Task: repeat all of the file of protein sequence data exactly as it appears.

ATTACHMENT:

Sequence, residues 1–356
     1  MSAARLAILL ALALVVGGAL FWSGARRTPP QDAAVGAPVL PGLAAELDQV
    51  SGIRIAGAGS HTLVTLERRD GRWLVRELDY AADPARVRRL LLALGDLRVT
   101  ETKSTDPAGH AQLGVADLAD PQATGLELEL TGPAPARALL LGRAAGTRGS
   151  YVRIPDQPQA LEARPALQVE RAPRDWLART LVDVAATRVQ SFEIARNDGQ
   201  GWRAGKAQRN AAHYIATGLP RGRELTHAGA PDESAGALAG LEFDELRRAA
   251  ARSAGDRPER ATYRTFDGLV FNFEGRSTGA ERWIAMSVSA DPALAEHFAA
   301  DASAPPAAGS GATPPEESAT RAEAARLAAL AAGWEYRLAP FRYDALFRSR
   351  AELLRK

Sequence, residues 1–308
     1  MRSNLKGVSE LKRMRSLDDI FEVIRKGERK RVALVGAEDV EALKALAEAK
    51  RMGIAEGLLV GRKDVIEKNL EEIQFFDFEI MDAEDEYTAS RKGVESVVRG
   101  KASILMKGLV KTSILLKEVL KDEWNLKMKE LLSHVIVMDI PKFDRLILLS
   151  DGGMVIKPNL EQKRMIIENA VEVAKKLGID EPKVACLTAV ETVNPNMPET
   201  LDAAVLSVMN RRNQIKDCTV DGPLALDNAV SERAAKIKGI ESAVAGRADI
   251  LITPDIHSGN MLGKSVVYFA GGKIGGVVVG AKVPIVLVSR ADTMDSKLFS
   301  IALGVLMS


Sequence, residues 1–356
     1  MSAARLAILL ALALVVGGAL FWSGARRTPP QDAAVGAPVL PGLAAELDQV
    51  SGIRIAGAGS HTLVTLERRD GRWLVRELDY AADPARVRRL LLALGDLRVT
   101  ETKSTDPAGH AQLGVADLAD PQATGLELEL TGPAPARALL LGRAAGTRGS
   151  YVRIPDQPQA LEARPALQVE RAPRDWLART LVDVAATRVQ SFEIARNDGQ
   201  GWRAGKAQRN AAHYIATGLP RGRELTHAGA PDESAGALAG LEFDELRRAA
   251  ARSAGDRPER ATYRTFDGLV FNFEGRSTGA ERWIAMSVSA DPALAEHFAA
   301  DASAPPAAGS GATPPEESAT RAEAARLAAL AAGWEYRLAP FRYDALFRSR
   351  AELLRK

Sequence, residues 1–308
     1  MRSNLKGVSE LKRMRSLDDI FEVIRKGERK RVALVGAEDV EALKALAEAK
    51  RMGIAEGLLV GRKDVIEKNL EEIQFFDFEI MDAEDEYTAS RKGVESVVRG
   101  KASILMKGLV KTSILLKEVL KDEWNLKMKE LLSHVIVMDI PKFDRLILLS
   151  DGGMVIKPNL EQKRMIIENA VEVAKKLGID EPKVACLTAV ETVNPNMPET
   201  LDAAVLSVMN RRNQIKDCTV DGPLALDNAV SERAAKIKGI ESAVAGRADI
   251  LITPDIHSGN MLGKSVVYFA GGKIGGVVVG AKVPIVLVSR ADTMDSKLFS
   301  IALGVLMS